The German shops Jon Parker works with really use advanced inspection to identify most parts to replace at the time of the inspection, but immediate pre-scan, mechanical diagnosis, and pre-paint and transfer ensures the first supplement is almost always the last. Verifying part prices at the time of placing the order prevents part price increase supplements.

The result of mirror-matching catches wrong or damaged parts from causing delays. 

Flow Line 

An innovation which started in Italy is to have a linear flow line. This process is also widely used at auto auction facilities across the USA. The flow line is the part of the shop from final bodywork (primer-ready) through prime and block, staging, paint, reassembly, and detail. This process should be able to function on a drumbeat / rhythm or takt of a defined increment (often 70-80 minutes). At those increments, the vehicles should be able to move one stage downstream in the process. Therefore, a vehicle which has $3,000 in repairs would be able to move through the flow line in six to seven hours. If all the setup has been done correctly, the vehicle should not have to stop during the below process: 

Plan

  • Review paint-related work order items
  • Locate all parts from parts carts or paint carts
  • Set up parts on prime or paint stands
  • Prep raw plastic

Prep

  • (Prep curtains MUST be drawn and dust extraction used) 
  • Prime (assumes body delivers repairs in “primer-ready” state)
  • Block

Stage

  • Move parts primed to 360-degree flipper-style racks with no sanding dust
  • Orient the vehicle and parts the way they will be set up in the booth
  • Mix sealer (if used), base and clear per the color verified during advanced inspection
  • Clean vehicle for masking
  • Mask the skeleton or edge of the painted area
  • Bag entire vehicle, cut out painted openings, tape down the cut-outs to the skeleton masking
  • Final wash and pre-tack

Reassembly 

  • Final reassembly
  • Calibrate systems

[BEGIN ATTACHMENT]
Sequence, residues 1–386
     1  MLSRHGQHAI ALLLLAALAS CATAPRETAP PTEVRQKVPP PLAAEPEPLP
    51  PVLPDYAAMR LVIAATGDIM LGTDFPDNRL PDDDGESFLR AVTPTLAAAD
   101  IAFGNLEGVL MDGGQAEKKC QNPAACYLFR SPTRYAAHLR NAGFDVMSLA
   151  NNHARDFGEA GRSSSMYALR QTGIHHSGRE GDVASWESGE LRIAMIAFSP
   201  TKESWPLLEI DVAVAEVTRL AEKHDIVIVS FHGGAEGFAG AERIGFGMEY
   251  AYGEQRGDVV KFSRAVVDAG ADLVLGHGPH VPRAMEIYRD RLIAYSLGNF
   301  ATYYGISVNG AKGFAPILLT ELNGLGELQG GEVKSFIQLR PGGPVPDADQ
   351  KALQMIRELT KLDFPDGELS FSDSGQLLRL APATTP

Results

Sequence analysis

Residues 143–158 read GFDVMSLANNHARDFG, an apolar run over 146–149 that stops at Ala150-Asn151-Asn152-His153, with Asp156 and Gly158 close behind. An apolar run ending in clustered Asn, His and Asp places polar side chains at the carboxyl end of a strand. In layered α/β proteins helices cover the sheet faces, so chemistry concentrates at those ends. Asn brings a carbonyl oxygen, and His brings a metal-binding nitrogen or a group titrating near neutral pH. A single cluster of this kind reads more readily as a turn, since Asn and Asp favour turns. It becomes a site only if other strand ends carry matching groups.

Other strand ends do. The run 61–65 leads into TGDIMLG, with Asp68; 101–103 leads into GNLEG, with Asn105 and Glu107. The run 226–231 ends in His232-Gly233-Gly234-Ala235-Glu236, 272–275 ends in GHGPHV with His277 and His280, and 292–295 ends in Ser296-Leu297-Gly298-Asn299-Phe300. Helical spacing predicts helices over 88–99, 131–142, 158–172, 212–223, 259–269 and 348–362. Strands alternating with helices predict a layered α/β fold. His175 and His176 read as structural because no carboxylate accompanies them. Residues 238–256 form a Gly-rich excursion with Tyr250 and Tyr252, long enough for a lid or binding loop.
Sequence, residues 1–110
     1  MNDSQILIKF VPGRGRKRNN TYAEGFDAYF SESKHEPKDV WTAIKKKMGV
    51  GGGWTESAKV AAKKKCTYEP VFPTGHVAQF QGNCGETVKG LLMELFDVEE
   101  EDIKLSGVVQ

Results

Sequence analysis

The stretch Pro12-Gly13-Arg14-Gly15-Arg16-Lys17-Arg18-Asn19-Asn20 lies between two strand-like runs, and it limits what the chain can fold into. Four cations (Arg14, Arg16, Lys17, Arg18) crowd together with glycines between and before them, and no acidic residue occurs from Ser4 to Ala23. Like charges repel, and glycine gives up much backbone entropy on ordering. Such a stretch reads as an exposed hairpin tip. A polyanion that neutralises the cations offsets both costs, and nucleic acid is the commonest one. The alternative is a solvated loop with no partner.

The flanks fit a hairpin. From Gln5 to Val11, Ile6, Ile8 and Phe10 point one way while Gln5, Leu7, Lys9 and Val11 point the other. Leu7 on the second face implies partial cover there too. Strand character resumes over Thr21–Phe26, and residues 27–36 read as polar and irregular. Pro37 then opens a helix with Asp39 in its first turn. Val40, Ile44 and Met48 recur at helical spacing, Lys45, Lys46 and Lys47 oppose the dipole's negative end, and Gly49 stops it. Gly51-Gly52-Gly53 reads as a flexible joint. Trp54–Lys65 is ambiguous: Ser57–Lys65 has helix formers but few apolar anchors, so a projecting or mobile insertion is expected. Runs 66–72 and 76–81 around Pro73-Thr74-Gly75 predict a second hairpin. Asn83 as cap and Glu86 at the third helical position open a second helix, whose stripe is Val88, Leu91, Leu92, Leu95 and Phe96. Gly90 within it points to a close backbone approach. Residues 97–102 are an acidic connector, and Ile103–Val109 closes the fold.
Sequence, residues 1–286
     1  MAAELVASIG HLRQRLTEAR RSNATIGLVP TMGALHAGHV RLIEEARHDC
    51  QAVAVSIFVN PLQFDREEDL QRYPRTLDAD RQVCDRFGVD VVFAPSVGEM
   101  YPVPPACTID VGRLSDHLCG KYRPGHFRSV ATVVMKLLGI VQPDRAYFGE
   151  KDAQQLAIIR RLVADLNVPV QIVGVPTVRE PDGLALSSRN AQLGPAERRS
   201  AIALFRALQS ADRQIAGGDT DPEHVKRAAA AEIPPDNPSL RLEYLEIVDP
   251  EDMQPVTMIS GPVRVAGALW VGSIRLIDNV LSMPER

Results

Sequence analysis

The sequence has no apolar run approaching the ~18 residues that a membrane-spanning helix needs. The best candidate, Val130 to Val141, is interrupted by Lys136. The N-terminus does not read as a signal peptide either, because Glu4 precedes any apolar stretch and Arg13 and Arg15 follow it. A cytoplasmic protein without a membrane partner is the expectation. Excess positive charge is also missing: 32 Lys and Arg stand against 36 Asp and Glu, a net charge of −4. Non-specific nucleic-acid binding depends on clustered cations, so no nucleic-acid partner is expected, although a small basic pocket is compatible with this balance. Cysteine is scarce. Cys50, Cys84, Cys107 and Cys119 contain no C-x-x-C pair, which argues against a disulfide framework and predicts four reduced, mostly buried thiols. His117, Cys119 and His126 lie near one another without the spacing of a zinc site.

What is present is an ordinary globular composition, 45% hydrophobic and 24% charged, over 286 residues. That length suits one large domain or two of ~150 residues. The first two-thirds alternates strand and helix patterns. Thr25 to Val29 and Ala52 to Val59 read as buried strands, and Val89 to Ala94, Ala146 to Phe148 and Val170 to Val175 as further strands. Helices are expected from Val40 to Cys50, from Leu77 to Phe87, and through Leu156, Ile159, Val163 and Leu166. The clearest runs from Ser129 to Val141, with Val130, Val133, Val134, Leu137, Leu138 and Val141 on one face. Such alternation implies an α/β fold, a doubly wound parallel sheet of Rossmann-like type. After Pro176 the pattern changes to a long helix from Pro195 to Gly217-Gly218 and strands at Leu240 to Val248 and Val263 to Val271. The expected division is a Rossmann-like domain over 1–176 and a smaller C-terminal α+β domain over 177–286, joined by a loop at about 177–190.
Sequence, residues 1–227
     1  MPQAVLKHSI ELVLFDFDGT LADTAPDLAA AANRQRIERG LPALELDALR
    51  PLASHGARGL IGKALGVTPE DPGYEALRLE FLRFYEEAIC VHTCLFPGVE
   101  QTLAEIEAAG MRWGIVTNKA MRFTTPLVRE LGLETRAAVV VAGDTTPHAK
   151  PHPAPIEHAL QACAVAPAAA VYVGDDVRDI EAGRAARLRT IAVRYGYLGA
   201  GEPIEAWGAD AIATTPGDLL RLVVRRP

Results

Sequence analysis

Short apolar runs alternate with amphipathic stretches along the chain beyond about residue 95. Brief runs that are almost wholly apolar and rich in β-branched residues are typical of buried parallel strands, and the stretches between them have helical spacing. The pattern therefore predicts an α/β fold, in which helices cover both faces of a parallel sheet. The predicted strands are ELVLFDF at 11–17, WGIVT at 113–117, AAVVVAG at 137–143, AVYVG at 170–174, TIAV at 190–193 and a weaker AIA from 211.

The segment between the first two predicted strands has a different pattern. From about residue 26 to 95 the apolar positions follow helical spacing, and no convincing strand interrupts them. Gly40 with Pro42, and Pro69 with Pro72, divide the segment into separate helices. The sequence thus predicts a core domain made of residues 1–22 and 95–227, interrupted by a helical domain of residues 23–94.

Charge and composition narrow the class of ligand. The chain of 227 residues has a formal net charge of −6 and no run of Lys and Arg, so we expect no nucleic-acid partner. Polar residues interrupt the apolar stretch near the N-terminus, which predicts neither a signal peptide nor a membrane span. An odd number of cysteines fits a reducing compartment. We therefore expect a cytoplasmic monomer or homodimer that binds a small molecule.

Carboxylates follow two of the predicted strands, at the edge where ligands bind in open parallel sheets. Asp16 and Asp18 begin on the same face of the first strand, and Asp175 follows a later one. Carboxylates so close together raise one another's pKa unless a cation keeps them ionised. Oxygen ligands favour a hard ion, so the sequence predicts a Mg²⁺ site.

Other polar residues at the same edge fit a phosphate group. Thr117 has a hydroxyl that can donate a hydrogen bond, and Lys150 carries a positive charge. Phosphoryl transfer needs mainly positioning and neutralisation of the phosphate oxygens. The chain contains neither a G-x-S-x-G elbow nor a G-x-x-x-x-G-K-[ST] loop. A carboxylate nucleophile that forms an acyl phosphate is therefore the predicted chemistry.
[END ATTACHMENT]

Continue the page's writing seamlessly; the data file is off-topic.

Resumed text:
• Test-drive
  • Post-scan

Wash and vacuum (assume vehicle was pre-washed) 

  • Remove any minor paint imperfections
  • Remove protection from interior
  • Final-detail interior and door jambs
  • Final detail trunk and gas cap door
  • Final-detail underhood and bumper
  • Wash and dry entire vehicle
  • Pull into the delivery stall

Zero-Day Repairs 

This is a designation started in the United Kingdom and The Netherlands, where 20-35% of repairs are completed using this process, as their damage tends to be smaller in scope due to vehicle size and accident speeds. This process is used for repairs with minimal repair work to be completed, generally four to six hours of total repair time. The idea with these repairs is to check them in the morning and deliver them on the same day at the end of the day. Below are some keys to make this work: 

“Advanced Inspection” performed to write a thorough estimate to ensure all parts are pre-ordered. 
Begin repairs immediately upon arrival, often going directly into the flowline, and having the prep team perform disassembly and reassembly. 
Color verification occurs during advanced inspection with the spectrophotometer so parts can be pre-ordered. 
In the next article, we will further explore implementation of lean principles in the collision repair space.